Details of Proposed Settlement Now Required Prior to Class Notice ApprovalThe prevailing best practice has been to give a court as much information as possible about a proposed settlement before spending time and resources on notifying the class of a settlement that the court may only later reject. However, some class counsel are reluctant to disclose too much information about the proposed settlement at the preliminary stages of a settlement for fear of alerting potential professional objectors. The amended rule now makes it clear that courts should require detailed information about a proposed class settlement prior to approving the issuance of notice to the class. New changes to Rule 23(e)(1)(A) codify the best practice. “The parties must provide the court with information sufficient to enable it to determine whether to give notice of the proposal to the class.” The amended rule also specifies the standard a court should use in deciding whether to send the notice—that it have information such that it is likely the court will be able both to approve the settlement proposal under Rule 23(e)(2) and, if it has not previously certified the class, to certify the class for purposes of judgment on the proposal. The Advisory Committee Note suggests the type of information that might be appropriate to provide to the court when seeking permission to issue a class settlement notice including:
- The extent and type of benefits that the settlement will confer on the class including, if appropriate given the nature of the proposed relief, a showing as to the contemplated claims process and the anticipated rate of claims by the class.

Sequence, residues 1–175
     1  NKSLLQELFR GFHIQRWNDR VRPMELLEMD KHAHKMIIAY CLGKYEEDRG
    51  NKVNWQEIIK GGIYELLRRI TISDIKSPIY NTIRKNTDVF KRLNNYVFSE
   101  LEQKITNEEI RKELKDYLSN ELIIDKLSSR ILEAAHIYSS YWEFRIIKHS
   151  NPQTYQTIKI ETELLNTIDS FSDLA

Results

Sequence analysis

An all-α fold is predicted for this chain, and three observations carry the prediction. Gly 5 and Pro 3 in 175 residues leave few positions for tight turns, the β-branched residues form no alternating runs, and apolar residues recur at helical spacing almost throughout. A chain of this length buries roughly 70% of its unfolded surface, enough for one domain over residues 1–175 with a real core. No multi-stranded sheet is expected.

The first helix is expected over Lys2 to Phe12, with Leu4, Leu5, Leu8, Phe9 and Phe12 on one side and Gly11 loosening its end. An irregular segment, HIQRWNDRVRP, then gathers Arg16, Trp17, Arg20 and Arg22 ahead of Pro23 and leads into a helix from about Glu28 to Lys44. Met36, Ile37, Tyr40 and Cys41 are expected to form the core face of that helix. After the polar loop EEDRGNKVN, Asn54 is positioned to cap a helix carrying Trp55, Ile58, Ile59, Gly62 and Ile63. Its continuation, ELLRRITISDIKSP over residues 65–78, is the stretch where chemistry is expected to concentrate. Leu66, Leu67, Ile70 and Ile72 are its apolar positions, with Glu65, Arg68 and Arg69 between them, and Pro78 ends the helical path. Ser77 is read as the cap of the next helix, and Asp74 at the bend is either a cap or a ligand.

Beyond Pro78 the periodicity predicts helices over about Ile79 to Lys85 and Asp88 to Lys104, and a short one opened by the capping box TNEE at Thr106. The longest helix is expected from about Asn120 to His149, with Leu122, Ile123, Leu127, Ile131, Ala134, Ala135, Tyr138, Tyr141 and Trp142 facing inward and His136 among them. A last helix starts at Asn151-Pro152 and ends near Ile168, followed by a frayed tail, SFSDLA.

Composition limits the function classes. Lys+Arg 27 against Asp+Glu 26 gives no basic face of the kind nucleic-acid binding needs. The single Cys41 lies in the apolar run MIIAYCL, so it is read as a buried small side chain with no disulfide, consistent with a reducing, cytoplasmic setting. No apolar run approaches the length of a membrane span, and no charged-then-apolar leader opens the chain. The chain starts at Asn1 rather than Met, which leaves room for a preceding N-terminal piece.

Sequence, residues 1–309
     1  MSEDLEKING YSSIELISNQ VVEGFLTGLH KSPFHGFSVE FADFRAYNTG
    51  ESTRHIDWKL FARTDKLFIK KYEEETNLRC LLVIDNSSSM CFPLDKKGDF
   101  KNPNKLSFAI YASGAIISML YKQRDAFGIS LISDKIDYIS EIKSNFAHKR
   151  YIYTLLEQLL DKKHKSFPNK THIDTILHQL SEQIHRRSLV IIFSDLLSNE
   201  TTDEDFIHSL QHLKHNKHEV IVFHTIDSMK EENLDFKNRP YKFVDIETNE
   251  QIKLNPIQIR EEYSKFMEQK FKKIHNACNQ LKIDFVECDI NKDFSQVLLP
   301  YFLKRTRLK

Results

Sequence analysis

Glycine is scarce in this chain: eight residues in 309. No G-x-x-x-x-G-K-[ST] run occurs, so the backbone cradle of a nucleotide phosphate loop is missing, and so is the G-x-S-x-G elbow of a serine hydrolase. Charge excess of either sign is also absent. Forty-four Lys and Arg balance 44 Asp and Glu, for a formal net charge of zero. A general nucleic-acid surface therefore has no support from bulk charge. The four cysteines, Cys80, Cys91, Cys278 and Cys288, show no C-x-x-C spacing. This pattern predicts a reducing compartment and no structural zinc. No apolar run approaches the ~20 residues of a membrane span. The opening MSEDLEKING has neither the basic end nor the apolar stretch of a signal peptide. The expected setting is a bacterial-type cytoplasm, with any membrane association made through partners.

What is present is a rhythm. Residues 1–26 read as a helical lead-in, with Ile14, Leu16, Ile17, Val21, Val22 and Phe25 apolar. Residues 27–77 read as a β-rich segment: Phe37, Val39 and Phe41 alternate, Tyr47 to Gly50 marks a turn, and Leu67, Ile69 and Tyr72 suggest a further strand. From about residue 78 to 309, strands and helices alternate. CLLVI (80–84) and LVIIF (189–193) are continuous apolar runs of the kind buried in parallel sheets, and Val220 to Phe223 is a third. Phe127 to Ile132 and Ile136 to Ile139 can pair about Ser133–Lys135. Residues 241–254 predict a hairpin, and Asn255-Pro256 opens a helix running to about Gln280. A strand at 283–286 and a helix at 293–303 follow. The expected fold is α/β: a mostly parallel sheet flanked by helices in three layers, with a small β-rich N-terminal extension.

- The disposition of any unclaimed funds.
- The likely range of litigated outcomes, and the risks that may attend full litigation.
- The extent of discovery in the action or parallel actions.
- Other pending or anticipated litigation on behalf of the same class members involving claims that would be released under the settlement proposal.
- The proposed handling of attorney fees, whether as a specified amount or as an amount that will be deferred until the claims rate and results are determined.
- Any agreement made in connection with the proposed settlement.
For the First Time, New Rule 23 Specifies Core Standards for Court Approval of SettlementsUntil the new rule changes, each circuit had established its own standards for court approval of a class settlement. For example, the Second and Third Circuits laid out a number of factors to consider, while the First Circuit gave the trial court discretion without a list of mandatory factors. This lack of uniformity led to concerns that decisions on class settlement approvals could lead to inconsistent results depending on the jurisdiction in which the case was pending. Amended Rule 23(e)(2) now requires that a court may approve a proposed class action settlement “only after a hearing and only on finding that it is fair, reasonable, and adequate after considering whether”:
- 1. The class representatives and class counsel have adequately represented the class;
- 2. The settlement proposal was negotiated at arm’s length;
- 3. The class relief is adequate, taking into account:
- The costs, risks, and delay of trial and appeal;
- The effectiveness of distributing relief to the class;
- The terms of any proposed award of attorney fees, including timing of payment;
- Any agreement made in connection with the proposal which must be identified; and
- 4. The agreement treats class members equitably relative to each other.